Cooking Like a Homesteader

When America was young and homesteaders were still learning how to thrive here

Story, Recipes and Photos by Sara Sullivan

I enjoy learning about history. Especially during the time when America was young and homesteaders were still learning how to thrive here. Recently I read a book entitled Culinary History of the Finger Lakes: From the Three Sisters to Riesling, written by area native Laura Winter Falk. It details the culinary past of the Finger Lakes region starting with the indigenous people all the way up to modern day.

The book is filled with information about how people learned to utilize local produce. In the chapter, “The War, Postwar Homesteads, and When the Apple Was King”, Laura Winter Falk details how early homesteaders learned to thrive in the region after the Revolutionary War. This occurred in no small part to the Haudenosaunee, specifically the Cayuga and Seneca, who taught settlers how to use their regional produce.

One thing the homesteaders learned was how to make basic cornbread. They would cook it in a lard greased skillet over an open fire.

I tried using some leftover bacon fat to grease the tin for my cornbread recipe, and it worked great. These early settlers were experienced with seasonal outdoor cooking. If they were to make my rustic stew it would be with similar ingredients but would have been cooked over the fire in a pot hanging from an iron trammel instead of an electric slow cooker.

Two other crops that the early homesteaders of this region relied on were apples and buckwheat. I thought it was interesting how many different recipes they had for the bountiful apple crop, which had originated from seeds that were brought from Europe. Buckwheat was also a staple crop for early Finger Lakes inhabitants because it grows well in poor soil and can be harvested twice a year. These ingredients inspired my apple pie recipe.

After reading this book, I decided to reach out to the author, Laura Winter Falk, to talk to her about my idea for this column. She was happy to discuss it and was kind enough to pair my recipes with some lovely beverages. I am so grateful for her input and contributions. I also want to thank my uncle, Tom Imars, who is a revolutionary war reenactor/town crier. He listened to my recipe ideas and gave me so much information as to what people would eat and how they would cook during that time. So, please enjoy these recipes that I created in homage to our early Finger Lakes settlers. It was fun to imagine that they might have been cooking up something similar.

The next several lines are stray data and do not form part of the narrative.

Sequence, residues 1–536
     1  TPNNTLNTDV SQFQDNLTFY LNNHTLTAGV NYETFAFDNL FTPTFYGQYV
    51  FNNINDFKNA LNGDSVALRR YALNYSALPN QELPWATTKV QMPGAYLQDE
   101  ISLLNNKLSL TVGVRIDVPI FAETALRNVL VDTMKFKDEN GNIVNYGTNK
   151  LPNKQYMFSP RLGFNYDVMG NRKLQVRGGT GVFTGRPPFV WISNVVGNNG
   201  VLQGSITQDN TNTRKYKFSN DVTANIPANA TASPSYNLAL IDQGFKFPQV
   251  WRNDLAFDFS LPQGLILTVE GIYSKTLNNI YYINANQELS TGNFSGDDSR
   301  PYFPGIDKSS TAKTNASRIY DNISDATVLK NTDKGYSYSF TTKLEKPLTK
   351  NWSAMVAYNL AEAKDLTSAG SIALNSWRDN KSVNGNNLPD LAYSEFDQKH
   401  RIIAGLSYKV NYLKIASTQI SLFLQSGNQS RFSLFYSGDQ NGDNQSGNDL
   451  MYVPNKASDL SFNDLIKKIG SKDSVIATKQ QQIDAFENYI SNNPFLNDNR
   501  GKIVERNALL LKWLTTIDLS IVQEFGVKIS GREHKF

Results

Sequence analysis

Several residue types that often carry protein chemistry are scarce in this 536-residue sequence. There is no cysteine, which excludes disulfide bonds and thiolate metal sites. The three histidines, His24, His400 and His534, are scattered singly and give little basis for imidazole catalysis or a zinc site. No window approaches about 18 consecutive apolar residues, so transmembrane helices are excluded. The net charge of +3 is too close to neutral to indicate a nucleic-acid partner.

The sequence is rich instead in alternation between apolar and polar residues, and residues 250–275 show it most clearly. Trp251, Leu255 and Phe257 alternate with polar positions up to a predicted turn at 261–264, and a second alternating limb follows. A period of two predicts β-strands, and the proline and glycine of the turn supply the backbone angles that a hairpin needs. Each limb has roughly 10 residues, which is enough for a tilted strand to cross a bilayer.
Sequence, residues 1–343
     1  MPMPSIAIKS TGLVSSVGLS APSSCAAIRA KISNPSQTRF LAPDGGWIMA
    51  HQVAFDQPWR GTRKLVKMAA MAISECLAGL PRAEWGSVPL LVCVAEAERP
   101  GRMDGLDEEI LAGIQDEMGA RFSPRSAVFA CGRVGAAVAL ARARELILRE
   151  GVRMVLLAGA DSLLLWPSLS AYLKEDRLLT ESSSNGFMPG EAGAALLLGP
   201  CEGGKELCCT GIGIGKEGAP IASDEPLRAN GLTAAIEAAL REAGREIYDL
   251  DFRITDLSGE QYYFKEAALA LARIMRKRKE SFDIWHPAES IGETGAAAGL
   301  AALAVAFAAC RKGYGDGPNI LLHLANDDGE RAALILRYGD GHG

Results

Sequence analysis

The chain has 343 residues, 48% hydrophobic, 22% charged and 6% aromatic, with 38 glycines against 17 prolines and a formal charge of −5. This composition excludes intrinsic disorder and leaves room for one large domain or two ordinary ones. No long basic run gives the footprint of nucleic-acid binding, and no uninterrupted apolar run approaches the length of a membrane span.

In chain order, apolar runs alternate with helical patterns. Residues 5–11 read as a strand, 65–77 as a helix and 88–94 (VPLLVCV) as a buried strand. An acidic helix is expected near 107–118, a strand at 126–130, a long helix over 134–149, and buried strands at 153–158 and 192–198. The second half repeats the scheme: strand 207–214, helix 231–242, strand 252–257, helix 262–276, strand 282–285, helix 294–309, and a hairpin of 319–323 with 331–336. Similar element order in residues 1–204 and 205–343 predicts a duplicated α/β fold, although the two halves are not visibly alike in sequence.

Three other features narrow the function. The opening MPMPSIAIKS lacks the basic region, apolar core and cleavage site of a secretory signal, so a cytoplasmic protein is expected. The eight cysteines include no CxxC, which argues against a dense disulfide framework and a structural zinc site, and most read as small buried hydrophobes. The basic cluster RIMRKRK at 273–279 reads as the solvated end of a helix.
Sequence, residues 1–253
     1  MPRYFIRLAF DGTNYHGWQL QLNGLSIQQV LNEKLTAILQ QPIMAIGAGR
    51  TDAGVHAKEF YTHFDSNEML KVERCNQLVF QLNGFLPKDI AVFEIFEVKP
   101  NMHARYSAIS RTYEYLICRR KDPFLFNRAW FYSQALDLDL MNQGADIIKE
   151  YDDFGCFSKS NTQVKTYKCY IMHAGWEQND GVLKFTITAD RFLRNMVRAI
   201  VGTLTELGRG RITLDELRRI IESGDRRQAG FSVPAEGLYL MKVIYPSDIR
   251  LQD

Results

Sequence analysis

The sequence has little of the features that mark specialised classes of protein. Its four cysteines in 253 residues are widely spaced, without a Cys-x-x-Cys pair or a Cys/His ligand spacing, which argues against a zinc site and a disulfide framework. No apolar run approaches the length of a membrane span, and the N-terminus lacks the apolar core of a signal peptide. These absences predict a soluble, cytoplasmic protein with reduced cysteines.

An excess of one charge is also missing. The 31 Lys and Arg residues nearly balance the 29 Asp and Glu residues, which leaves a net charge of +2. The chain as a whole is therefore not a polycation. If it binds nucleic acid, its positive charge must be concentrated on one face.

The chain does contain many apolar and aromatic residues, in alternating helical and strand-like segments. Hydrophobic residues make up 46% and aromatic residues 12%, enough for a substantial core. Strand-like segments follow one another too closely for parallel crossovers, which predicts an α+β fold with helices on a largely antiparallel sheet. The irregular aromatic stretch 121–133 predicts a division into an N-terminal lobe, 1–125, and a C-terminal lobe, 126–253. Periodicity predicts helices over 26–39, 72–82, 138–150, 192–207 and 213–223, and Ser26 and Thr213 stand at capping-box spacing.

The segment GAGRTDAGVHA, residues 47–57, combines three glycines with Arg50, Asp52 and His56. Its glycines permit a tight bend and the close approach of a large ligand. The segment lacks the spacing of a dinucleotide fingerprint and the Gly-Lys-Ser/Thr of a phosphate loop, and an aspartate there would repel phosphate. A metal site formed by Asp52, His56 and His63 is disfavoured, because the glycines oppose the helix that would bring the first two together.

Sara Sullivan is a food photographer and recipe developer that was raised in Ithaca, New York. Follow her on Instagram @SaraLynn.Bakes for more recipes.

Rustic Beef Stew with Fall Vegetables
This slow cooker recipe is perfect for a busy day. Just prepare the ingredients, set it and forget it. The result will be a flavorful and tender stew that is ready to be eaten by dinner time. I highly recommend serving it over mashed potatoes or egg noodles.
Check out this recipe
Sweet Potato Cornbread Muffins with Maple Cinnamon Butter
Peel, boil and mash your sweet potato in advance. One small-medium sweet potato should do the trick. You could also pierce it with a fork and cook it in the microwave for about 5 minutes or until soft. Then scoop out the contents and mash them up.
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Buckwheat Apple Pie with Apple Cider Molasses
I used juicy and slightly tart Cortland apples for this recipe, however feel free to substitute your own favorite variety. Be sure to start making the apple cider molasses right after the pie starts baking, since it takes some time to reduce.
Check out this recipe


Culinary History of the Finger Lakes: from the Three Sisters to Riesling, by Laura Winter Falk, American Palate, a Division of The History Press, 2014, pp. 33–47.

Annual Report. United States, University of the State of New York, 1912.

Whole Grain Council, Oldways. “Buckwheat – December Grain of the Month.” Buckwheat – December Grain of the Month | The Whole Grains Council, 2021,

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